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  1. Good Thing

    Monogrammed Hand Towel

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    A present bearing a hand-painted monogram shows affectionate effort. Use a set of hand towels and a letter stencil. Lay towel over a sheet of paper. Center stencil on towel and, holding it firmly, apply two coats of washable fabric paint with a medium-size brush. Remove stencil, and let dry, about three hours.

    Source
    Martha Stewart Living, February 2004
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  2. Sentimental Valentine's Day Wheel

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    Hundreds of years ago, astronomers fashioned volvelles -- wheels of paper that worked like circular slide rules -- to help track the movement of the planets. This version of a volvelle conceals rotating endearments along with phrases and symbols that convey your affection with a turn of the wheel.

    Valentine's Day Wheel Template

    Source
    Martha Stewart Living, February 2003
  3. Magician Cape

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    All we did to transform a mere 7-year-old boy to a mighty magician was use a fabric marker to draw a tie and collar onto a white T-shirt, affix a fake carnation to his lapel, and tie a black-and-red satin cape around his neck. And lo and behold: a levitating maestro ready to make piles of candy disappear.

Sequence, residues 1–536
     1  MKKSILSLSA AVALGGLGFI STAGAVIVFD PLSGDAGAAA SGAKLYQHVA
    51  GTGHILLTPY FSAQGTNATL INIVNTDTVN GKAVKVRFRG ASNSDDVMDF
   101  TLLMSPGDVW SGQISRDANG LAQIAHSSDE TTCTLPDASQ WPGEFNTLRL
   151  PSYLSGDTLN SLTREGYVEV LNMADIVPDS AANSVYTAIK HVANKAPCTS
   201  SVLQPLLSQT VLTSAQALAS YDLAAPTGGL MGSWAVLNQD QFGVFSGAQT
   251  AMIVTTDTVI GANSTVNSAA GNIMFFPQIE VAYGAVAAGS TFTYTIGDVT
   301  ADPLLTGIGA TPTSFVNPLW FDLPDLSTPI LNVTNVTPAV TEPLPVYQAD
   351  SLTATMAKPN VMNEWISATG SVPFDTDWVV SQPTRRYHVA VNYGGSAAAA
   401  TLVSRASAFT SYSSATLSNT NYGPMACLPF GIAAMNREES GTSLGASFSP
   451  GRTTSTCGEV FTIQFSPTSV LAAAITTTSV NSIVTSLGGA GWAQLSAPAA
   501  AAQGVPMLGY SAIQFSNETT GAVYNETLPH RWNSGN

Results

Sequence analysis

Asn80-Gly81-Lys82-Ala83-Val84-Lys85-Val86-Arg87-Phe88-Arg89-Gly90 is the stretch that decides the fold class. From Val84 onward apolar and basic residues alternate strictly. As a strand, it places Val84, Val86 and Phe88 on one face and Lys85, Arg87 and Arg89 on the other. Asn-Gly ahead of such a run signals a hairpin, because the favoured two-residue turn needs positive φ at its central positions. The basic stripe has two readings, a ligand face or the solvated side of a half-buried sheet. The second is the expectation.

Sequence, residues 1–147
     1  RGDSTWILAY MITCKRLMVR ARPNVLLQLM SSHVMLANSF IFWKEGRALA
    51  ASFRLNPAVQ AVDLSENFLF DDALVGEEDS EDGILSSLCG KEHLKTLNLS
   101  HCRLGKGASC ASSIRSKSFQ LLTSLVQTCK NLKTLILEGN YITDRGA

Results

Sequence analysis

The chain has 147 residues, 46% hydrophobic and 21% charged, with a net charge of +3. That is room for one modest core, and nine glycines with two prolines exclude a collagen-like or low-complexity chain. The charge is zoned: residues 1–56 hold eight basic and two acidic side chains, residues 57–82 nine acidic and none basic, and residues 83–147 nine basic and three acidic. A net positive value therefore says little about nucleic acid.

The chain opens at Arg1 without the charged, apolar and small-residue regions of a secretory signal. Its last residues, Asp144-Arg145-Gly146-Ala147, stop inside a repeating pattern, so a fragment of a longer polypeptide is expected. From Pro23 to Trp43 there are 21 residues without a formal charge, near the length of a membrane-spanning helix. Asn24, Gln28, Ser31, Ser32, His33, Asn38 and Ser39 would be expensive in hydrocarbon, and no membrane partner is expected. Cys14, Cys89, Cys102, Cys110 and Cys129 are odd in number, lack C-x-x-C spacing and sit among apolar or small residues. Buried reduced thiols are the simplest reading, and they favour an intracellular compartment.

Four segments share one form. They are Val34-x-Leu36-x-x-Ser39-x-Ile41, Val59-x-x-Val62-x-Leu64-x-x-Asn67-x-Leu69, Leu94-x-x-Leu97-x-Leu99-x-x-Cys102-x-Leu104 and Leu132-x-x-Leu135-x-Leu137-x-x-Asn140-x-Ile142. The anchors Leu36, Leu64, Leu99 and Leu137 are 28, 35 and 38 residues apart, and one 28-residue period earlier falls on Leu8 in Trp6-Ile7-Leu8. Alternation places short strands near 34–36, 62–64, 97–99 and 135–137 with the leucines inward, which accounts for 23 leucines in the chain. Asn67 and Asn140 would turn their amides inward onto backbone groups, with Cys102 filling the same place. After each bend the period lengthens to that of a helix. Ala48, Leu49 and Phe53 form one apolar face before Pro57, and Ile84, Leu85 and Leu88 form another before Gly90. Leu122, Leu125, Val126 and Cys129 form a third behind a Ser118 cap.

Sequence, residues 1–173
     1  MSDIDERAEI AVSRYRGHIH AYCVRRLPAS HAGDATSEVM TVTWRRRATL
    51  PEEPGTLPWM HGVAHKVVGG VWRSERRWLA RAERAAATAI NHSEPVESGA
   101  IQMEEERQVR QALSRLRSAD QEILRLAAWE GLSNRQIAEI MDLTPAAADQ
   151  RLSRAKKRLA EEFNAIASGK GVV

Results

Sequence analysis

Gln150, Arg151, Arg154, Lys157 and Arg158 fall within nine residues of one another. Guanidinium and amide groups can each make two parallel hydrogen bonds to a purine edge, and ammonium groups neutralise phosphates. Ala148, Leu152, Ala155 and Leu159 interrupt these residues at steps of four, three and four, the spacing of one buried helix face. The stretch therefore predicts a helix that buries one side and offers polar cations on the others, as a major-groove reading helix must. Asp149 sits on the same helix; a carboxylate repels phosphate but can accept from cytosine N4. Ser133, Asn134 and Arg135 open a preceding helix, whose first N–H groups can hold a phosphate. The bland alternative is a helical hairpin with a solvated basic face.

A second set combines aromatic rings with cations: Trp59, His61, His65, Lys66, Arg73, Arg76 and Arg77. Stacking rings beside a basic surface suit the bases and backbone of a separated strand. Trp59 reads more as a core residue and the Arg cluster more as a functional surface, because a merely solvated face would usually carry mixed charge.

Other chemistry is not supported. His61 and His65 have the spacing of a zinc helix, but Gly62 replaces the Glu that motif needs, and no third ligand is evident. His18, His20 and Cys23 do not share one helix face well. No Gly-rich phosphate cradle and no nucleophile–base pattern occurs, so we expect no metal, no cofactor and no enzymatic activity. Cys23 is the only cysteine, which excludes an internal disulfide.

Cape How-To
    This unadorned cape falls just above the knee. You will need black satin and red satin fabric and two 14-inch pieces of red satin ribbon for ties. Make the cape following the basic directions. Stitch the ribbons securely to either side of the neck.

    Source
    Martha Stewart Kids, Volume 9 2003
  4. Knitter's Gauge Cards

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    Whether you're new to knitting or a seasoned veteran, keeping track of yarn sizes and needle gauges for each project can be a complicated affair.

    Stay organized with Knit Gauge Cards -- simply fill out a card with color, gauge, pattern, and other relevant information for each project and store cards together in an easy-to-access place.

    Download the Knit Gauge Cards

    Source
    The Martha Stewart Show, March 2010
  5. Set a Dickensian Table

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    Evoke a Victorian Christmas with place cards that resemble elegant paper scrolls. To make them, cut a 1-by-8-inch strip from heavyweight paper, and trim the ends at a 45-degree angle. Write a guest's name on top, centering it on the strip. To curl the ends, as shown, wrap them around a smooth-sided pen or pencil. At every place setting, lay a scroll atop a sprig of holly.

    Source
    Martha Stewart Living, December 2007
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